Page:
NYU Mass Spectrometry Core for Neuroscience | NYU Langone Health

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Skirball Institute of Biomolecular Medicine Research Facilities NYU Mass Spectrometry Core for Neuroscience

NYU Mass Spectrometry Core for Neuroscience

Funding from the National Institutes of Health (NIH) allows NYU to provide molecular neuroscientists with access to the latest mass spectrometry and proteomics technologies.

Using the NYU Mass Spectrometry Core for Neuroscience, neuroscientists are able to identify proteins of interest and observe modification of these proteins via processes such as phosphorylation, glycosylation, and proteolysis.

Our facility is equipped to perform functional proteomics studies to identify proteins involved in key signal transduction processes in neurons. Scientists also use our instruments to characterize protein–protein interactions by surface plasmon resonance.

Ongoing Projects

Scientists using our mass spectrometry core lead a range of research projects that aim to characterize proteins responsible for key neuronal processes or disorders. Their ongoing projects include the following:

  • Steven J. Burden, PhD: the role of signaling by MuSK in the neuromuscular synapse; protein clustering at the neuromuscular synapse
  • Moses V. Chao, PhD: neurotrophin signaling
  • Mitchell Chesler, MD, PhD: dynamics and effects of pH regulation in the brain
  • David T. Chiu, MD: neuroregeneration
  • Matthew Dalva, PhD (Thomas Jefferson University): ephrin phosphoproteomics
  • Jeremy S. Dasen, PhD: control of motor neuron identity and connectivity
  • Gordon J. Fishell, PhD: development and integration of early-born SST-expressing interneurons
  • Robert C. Froemke, PhD: role of oxytocin in maternal behavior
  • Jorge A. Ghiso, PhD: characterization of beta amyloid peptides
  • Barbara Hempstead, PhD (Weill Cornell Medicine): molecular mechanisms of neurotrophin signaling
  • Konstantin Ichtchenko, PhD: Bacillus anthracis toxin post-translational modification characterization
  • Bryen Jordan, PhD (Albert Einstein College of Medicine): activity-dependent changes in postsynaptic density composition
  • Eric Kandel, MD (Columbia University): mechanisms of synaptic plasticity
  • Eric Klann, PhD (NYU’s Center for Neural Science): elF2-alpha phosphorylation in synaptic plasticity, memory, and brain disorders; translational control in synaptic plasticity and memory
  • Holger Knaut, PhD: molecular regulation of trigeminal sensory ganglia by SDF1 in zebrafish
  • Cary Lai, PhD (Indiana University): neuregulin-ERBB signaling
  • Francis S. Lee, PhD (Weill Cornell Medicine): functional analysis of variant BDNF (Val66Met)
  • Efrat Levy, PhD (NYU Langone/Nathan Kline Institute for Psychiatric Research): characterization of exosomes in Alzheimer’s disease
  • Paul M. Matthews, PhD (NYU Langone/Nathan Kline Institute for Psychiatric Research): role of apolipoprotein E (ApoE) alleles in Alzheimer’s disease susceptibility; mechanism of increased risk for Alzheimer’s disease in diabetes
  • Simon Geir Moller, PhD (St. John’s University): role of synuclein in Parkinson’s disease
  • Ralph A. Nixon, PhD (NYU Langone/Nathan Kline Institute for Psychiatric Research): neurofilament phosphorylation
  • Dimitris G. Placantonakis, MD, PhD: metabolomics and proteomics of gliomagenesis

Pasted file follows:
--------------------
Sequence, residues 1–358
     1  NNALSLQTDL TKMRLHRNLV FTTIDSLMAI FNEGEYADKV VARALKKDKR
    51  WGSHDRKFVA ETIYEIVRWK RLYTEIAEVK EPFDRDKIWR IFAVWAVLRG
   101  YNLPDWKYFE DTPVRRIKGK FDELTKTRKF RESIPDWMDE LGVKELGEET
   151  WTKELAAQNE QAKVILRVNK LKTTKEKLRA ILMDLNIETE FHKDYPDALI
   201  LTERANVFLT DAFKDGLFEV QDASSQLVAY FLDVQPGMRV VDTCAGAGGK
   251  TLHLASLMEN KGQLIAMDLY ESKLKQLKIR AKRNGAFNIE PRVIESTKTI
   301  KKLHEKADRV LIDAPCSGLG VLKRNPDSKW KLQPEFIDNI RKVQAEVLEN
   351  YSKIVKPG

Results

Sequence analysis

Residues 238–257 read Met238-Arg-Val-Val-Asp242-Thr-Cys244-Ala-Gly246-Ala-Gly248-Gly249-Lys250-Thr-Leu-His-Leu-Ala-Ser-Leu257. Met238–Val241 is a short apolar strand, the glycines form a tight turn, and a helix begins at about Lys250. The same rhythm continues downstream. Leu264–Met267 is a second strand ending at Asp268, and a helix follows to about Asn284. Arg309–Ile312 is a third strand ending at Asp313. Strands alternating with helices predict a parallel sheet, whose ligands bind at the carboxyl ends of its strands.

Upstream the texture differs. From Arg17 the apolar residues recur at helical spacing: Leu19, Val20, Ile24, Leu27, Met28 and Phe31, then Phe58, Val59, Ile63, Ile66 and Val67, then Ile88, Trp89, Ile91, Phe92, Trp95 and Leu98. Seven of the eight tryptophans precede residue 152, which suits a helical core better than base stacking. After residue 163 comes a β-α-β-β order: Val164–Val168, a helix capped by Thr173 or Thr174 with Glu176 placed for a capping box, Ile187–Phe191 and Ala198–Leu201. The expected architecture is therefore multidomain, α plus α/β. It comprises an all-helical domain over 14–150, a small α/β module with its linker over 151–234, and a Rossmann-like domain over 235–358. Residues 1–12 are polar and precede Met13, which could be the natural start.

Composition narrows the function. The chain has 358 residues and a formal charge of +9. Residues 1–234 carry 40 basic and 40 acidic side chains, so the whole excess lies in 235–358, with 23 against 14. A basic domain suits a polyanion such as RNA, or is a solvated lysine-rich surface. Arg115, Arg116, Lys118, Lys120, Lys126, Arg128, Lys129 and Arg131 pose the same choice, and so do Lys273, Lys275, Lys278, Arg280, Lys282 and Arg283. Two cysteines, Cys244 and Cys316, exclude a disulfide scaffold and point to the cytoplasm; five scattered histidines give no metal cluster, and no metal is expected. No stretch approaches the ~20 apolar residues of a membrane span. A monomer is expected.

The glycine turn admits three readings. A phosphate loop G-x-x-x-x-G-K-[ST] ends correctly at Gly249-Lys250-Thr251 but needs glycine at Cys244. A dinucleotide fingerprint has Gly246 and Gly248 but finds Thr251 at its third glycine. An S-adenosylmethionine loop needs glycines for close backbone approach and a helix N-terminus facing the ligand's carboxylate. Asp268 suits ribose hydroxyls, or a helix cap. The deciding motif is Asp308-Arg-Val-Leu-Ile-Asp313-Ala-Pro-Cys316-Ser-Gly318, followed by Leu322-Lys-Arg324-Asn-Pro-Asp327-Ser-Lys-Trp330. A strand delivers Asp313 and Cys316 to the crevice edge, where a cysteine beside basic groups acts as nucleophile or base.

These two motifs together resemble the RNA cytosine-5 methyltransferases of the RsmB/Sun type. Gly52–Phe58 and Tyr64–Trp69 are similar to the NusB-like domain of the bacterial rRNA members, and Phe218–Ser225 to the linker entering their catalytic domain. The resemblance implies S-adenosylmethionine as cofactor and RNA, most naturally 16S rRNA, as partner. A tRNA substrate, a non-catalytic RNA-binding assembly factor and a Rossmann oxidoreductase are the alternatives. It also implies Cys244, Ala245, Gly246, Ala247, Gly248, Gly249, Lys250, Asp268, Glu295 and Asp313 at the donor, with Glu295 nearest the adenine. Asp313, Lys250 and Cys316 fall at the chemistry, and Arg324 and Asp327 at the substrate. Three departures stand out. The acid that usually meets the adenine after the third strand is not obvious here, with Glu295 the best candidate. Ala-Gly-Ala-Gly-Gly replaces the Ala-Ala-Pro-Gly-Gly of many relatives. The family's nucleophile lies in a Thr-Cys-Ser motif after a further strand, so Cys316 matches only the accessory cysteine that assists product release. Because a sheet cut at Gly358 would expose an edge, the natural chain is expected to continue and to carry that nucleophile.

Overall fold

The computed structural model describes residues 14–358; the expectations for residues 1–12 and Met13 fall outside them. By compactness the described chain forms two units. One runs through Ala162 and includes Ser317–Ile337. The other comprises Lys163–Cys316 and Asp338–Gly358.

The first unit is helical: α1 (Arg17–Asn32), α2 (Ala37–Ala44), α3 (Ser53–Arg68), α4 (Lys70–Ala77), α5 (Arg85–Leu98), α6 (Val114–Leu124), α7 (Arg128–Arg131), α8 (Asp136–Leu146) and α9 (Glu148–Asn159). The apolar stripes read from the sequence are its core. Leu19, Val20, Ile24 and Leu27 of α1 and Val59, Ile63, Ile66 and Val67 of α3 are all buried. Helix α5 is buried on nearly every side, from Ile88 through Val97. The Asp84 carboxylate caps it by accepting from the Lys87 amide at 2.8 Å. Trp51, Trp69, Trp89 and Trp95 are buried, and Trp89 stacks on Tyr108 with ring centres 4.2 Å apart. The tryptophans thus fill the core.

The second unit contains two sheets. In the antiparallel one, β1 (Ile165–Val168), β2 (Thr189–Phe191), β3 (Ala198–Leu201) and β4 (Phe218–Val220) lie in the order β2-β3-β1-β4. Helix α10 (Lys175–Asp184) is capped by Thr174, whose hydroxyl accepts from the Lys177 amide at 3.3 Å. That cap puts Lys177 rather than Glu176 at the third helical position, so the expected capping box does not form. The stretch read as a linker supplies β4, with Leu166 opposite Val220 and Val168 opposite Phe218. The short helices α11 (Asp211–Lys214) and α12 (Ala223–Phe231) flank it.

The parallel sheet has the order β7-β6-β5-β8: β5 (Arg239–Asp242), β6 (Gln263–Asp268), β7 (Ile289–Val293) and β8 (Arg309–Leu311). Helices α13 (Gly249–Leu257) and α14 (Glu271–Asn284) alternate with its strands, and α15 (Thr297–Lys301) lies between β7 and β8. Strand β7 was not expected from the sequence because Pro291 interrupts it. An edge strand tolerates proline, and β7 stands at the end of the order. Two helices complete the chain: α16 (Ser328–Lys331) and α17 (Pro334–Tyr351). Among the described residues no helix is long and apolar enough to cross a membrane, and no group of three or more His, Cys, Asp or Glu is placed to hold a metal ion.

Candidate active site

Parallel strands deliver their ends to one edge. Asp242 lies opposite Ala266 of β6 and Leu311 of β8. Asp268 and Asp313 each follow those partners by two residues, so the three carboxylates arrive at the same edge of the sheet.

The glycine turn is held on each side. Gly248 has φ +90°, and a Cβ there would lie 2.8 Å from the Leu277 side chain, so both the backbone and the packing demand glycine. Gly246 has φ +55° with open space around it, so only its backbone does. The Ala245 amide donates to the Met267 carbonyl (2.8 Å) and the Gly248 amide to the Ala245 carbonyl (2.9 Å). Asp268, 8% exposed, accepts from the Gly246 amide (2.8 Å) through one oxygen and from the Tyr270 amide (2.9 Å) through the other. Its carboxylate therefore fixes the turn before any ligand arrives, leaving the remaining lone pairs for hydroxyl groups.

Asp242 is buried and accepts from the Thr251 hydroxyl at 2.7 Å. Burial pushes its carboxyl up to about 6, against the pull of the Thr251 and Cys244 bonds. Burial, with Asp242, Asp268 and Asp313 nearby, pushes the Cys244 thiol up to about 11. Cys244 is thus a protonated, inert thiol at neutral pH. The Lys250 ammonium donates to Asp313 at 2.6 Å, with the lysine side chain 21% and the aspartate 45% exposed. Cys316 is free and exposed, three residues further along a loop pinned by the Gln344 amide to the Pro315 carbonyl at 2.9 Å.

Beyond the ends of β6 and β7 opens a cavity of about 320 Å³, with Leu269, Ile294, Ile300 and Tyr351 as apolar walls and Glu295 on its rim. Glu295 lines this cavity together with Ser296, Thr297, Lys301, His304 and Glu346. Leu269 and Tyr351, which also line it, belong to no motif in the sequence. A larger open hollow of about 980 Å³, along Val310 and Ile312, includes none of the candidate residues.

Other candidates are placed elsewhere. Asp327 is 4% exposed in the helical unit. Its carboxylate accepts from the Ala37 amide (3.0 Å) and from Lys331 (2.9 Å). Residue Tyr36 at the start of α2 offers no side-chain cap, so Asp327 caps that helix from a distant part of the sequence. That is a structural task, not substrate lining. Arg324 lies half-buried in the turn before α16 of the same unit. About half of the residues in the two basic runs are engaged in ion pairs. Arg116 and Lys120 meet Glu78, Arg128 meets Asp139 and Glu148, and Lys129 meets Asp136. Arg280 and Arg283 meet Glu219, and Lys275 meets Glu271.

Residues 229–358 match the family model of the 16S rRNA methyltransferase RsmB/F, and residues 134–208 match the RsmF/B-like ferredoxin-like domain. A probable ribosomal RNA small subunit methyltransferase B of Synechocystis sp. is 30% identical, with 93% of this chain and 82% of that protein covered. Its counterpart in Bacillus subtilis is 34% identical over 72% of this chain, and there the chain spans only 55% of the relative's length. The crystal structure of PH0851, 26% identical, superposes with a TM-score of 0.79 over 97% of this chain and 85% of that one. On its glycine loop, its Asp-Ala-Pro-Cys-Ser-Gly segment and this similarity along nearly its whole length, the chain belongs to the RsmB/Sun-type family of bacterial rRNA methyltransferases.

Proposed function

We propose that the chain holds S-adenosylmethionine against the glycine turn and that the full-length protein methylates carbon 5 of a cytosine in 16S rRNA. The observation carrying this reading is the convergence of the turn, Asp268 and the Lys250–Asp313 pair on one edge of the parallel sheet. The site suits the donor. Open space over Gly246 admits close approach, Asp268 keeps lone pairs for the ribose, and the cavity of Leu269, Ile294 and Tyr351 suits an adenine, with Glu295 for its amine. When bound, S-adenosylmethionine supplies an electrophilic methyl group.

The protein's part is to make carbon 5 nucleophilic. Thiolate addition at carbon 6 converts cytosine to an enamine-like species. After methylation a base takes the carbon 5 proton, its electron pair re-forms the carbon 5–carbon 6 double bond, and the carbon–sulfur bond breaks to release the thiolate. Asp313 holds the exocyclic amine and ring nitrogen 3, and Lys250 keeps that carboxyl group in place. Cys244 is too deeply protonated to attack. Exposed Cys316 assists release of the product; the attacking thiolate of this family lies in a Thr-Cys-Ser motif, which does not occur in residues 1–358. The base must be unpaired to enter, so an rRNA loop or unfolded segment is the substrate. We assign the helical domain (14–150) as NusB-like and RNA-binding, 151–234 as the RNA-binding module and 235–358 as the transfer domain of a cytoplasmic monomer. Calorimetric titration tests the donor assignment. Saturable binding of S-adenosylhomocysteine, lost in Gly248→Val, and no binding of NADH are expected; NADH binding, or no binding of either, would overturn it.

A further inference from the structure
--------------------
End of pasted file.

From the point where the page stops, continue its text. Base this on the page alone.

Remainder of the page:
• Niels Ringstad, PhD: molecular mechanisms of functioning of sensory neurons in C. elegans
  • Bernardo Rudy, MD, PhD: molecular components of A-type K+ channels; development and function of 5HT3aR-expressing cortical GABAergic interneurons
  • Hyung Don Ryoo, PhD: retinal degeneration
  • Martin Sadowski, MD, PhD: physical interaction between ApoE and amyloid-beta
  • James L. Salzer, MD, PhD: phosphoproteomics of neuronal stimulation; mechanisms of node of Ranvier assembly
  • Einar M. Sigurdsson, PhD: epitope-specific targeting of tau aggregates
  • Nicholas Stavropoulos, PhD: mechanism of sleep in Drosophila
  • Richard Tsien, DPhil: modulation of neurotransmission by Ca++ and activity
  • Clarissa L. Waites, PhD (Columbia School of Medicine): molecular pathway for synaptic vesicle maintenance and degradation
  • Edward Ziff, PhD: AMPA receptor–associated proteins and synaptic plasticity; postsynaptic density changes in aging mice

Contact Us

The mass spectrometry core is located at NYU Langone’s Skirball Institute of Biomolecular Medicine at 540 First Avenue, fifth floor, lab 5-18. The facility is also known as the Seaver Mass Spectrometry Suite.

If you have questions about our facility or services, or if you would like to initiate a neuroscience-related mass spectrometry project, please contact Thomas A. Neubert, PhD, facility director, at thomas.neubert@nyulangone.org or 212-263-7265, or Jingjing Deng, lab manager, at jingjing.deng@nyulangone.org or 212-263-7266.

Steering Committee

Our steering committee guides the strategic and operational direction of the facility, mediates disputes, and sets and approves new policies concerning prioritization, access, and pricing.

Thomas A. Neubert, PhD
Committee Chair
Professor, Department of Cell Biology

Steven J. Burden, PhD
Professor, Departments of Cell Biology and Neuroscience and Physiology

Moses V. Chao, PhD
Professor, Departments of Cell Biology, Neuroscience and Physiology, and Psychiatry

Jorge A. Ghiso, PhD
Professor, Departments of Pathology and Psychiatry

Steven Gross, PhD
External Adviser
Professor, Department of Pharmacology and Director, Mass Spectrometry Core Facility Weill Cornell Medicine

Ralph A. Nixon, MD, PhD
Director, Silberstein Alzheimer’s Institute
Professor, Departments of Cell Biology and Psychiatry

Richard Tsien, DPhil
Director, Neuroscience Institute
Chair and The Druckenmiller Professor of Neuroscience, Department of Neuroscience and Physiology
Professor, Department of Neurology

Postdoctoral Job Opening

Learn more about our postdoctoral position in biological mass spectrometry.